“We continue to learn more about the Rio Grande and Pecos and the species that rely on them as we manage through extended drought in the region,” said Albuquerque Area Manager Jennifer Faler. “We are in close coordination with water and species management partners to ensure we make the best decisions for all water users and for the health of the rivers in a tough year like this.”

At the end of March, snow water equivalent was 88% of average for the Rio Chama Basin, 111% of average for the Upper Rio Grande Basin, 72% for the Sangre de Cristos, and 65% for the Jemez. Based on these values, the Natural Resources Conservation Service streamflow forecast issued for the month of April predicts that the Rio Chama flow into the El Vado Reservoir will be at 52% of its average, with an inflow of about 116,000 acre-feet of water.

Information from Annual Operating Plan:

  • Under current Rio Grande Compact storage restrictions triggered by low storage at downstream reservoirs, water can only be stored in El Vado for the Prior and Paramount lands of the six Middle Rio Grande Pueblos. The Middle Rio Grande Conservancy District began irrigation on April 1, a month later than usual, with the natural flow of the Rio Grande.
  • Due to the expected low runoff, lack of water in storage, as well as a minimal supply of water for Reclamation to lease to supplement river flows, there—s a possibility that the Albuquerque reach of the Rio Grande could experience some drying this summer along with sections of the river in the Isleta and San Acacia reaches.
    • Reclamation is coordinating with U.S. Fish and Wildlife Service to rescue fish from drying portions of the river and coordinating with partners to use the limited supply of water most effectively.
  • Rio Grande Project usable storage is currently about 245,000 acre-feet and is expected to peak at about 350,000 acre-feet before declining as irrigation releases start.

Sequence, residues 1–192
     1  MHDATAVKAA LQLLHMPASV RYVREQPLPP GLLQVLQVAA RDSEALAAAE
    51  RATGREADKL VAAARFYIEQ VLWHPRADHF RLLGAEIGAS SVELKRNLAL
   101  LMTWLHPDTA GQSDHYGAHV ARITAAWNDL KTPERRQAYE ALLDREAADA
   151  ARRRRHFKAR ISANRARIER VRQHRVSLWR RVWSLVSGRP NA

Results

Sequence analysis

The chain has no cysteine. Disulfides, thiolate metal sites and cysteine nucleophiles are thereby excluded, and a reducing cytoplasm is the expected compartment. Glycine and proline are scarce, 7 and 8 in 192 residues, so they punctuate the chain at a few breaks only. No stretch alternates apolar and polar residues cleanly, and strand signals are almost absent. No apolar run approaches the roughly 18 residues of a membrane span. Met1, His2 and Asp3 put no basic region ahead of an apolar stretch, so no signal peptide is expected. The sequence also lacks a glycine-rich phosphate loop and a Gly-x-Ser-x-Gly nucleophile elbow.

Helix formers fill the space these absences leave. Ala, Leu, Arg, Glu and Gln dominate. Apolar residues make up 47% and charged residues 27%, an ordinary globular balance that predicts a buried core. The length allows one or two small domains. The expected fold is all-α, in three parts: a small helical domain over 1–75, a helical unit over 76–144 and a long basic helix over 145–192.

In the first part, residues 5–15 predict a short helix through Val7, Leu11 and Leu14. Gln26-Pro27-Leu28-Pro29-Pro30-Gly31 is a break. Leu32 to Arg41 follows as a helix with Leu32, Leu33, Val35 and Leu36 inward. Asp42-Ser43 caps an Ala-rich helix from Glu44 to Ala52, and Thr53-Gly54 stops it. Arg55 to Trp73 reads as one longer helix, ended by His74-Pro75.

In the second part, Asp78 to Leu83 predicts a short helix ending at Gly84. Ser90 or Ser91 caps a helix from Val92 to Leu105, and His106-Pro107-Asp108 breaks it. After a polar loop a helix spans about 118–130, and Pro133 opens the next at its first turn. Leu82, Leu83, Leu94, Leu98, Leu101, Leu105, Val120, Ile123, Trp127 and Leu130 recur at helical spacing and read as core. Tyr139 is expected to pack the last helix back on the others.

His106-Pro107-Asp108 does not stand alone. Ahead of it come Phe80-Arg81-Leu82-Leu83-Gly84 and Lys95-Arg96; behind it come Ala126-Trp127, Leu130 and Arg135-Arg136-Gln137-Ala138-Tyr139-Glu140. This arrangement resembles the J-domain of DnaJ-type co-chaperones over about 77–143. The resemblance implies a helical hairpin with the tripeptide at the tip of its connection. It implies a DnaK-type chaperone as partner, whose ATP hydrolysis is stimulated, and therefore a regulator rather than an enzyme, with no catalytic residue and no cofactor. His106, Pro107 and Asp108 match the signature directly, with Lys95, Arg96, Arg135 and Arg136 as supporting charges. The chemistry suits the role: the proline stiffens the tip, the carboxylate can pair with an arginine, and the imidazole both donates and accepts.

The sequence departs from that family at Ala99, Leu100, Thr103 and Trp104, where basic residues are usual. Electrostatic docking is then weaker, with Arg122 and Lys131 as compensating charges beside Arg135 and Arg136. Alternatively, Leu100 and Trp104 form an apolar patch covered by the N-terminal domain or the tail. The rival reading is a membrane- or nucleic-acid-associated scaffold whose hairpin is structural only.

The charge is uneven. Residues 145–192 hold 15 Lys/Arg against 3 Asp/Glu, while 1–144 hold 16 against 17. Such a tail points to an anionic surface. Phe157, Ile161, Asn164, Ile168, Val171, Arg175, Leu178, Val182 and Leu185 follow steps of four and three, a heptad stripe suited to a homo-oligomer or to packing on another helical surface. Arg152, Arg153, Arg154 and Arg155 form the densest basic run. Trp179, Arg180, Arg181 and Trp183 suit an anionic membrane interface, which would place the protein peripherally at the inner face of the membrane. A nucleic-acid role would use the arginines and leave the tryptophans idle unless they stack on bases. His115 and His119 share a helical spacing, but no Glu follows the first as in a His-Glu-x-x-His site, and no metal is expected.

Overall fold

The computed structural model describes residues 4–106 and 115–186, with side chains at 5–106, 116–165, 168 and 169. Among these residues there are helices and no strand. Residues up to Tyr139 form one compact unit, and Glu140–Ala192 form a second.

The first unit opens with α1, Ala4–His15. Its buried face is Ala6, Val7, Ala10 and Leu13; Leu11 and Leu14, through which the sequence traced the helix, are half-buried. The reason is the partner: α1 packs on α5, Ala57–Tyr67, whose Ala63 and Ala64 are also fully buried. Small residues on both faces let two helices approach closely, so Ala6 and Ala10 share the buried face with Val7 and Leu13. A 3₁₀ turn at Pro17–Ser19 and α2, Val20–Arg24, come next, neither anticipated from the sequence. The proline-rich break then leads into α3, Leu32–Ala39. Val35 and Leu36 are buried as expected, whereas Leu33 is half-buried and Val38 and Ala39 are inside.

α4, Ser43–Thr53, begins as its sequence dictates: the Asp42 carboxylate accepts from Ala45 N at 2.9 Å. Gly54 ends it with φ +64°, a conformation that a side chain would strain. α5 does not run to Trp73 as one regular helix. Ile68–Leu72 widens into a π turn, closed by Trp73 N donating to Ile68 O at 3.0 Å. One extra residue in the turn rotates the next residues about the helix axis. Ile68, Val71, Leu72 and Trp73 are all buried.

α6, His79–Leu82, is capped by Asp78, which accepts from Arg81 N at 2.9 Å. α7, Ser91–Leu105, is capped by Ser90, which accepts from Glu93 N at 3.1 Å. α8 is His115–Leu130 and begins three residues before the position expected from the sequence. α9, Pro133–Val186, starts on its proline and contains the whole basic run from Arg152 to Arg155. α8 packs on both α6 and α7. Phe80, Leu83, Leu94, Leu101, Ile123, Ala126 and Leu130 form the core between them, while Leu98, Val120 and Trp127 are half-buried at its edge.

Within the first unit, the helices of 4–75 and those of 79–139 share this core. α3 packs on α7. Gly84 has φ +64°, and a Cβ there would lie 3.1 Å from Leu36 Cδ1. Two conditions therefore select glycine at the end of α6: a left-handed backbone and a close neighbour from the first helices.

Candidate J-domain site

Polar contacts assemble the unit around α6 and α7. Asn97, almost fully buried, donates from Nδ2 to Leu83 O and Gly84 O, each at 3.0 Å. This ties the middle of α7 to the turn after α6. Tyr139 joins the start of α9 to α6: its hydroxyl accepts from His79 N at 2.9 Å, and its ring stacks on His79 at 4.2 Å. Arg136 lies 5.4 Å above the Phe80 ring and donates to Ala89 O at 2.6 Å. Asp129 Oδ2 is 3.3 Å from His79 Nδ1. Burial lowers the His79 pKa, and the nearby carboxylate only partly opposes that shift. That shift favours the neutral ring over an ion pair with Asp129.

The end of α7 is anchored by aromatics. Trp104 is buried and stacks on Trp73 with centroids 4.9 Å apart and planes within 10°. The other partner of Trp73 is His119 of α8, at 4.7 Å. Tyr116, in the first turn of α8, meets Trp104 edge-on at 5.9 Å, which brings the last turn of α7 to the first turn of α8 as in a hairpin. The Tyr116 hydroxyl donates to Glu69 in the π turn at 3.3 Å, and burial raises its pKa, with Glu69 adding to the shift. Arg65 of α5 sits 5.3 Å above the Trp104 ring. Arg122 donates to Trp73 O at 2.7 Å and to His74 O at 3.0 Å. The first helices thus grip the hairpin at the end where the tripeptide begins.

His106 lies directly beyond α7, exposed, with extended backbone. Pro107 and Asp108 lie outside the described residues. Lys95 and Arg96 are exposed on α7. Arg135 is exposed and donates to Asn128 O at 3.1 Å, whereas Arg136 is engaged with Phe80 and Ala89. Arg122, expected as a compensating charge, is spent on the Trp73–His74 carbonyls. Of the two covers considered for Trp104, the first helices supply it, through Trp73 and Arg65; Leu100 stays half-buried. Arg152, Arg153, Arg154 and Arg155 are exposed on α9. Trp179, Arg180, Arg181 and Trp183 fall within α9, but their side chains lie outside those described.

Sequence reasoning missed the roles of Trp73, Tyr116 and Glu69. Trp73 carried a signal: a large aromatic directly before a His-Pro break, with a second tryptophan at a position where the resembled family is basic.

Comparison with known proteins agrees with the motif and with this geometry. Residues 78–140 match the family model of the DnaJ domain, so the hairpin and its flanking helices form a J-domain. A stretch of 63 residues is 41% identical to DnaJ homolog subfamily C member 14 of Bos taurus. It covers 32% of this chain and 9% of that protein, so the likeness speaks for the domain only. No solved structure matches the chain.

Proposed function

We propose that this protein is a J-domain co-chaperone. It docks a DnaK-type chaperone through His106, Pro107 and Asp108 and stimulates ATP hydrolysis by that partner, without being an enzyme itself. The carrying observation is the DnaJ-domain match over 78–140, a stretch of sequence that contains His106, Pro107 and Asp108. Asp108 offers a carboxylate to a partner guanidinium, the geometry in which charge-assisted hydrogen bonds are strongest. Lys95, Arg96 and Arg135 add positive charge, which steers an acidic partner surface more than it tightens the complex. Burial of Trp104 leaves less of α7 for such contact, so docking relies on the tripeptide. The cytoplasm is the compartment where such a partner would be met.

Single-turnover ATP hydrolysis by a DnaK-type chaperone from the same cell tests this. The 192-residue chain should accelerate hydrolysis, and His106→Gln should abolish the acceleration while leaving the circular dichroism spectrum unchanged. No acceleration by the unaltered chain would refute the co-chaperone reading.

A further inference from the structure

• The irrigation season is scheduled to begin with releases from Elephant Butte Reservoir in early May and Caballo Reservoir in late May.
    • The dry riverbed between Elephant Butte and Caballo and below Caballo will take on water quickly. As such, it will be both unpredictable and dangerous and the public is asked to exercise caution around the river channel. Water levels will fluctuate through the rest of the short irrigation season.
  • On the Pecos River, basin-wide snow water equivalent was 57% of average on March 31, and the NRCS predicted 16,200 acre-feet of inflow to Santa Rosa Reservoir from March to July.
    • Reclamation is using a more conservative estimate for inflow, and the Carlsbad Irrigation District has only allocated 0.38 feet per acre, one of its lowest allocations ever.

The Annual Operating Plan public meetings were held virtually this year in accordance with federal and state health guidelines. Those who were not able to attend the meetings can still view the presentation on Reclamation—s website at or contact Mary Carlson at

2021 Annual Operating Plan? April 1 Runoff Forecast

Rio Grande and Pecos River basins. Map credit: By Kmusser – Own work, Elevation data from SRTM, drainage basin from GTOPO [1], U.S. stream from the National Atlas [2], all other features from Vector Map., CC BY-SA 3.0,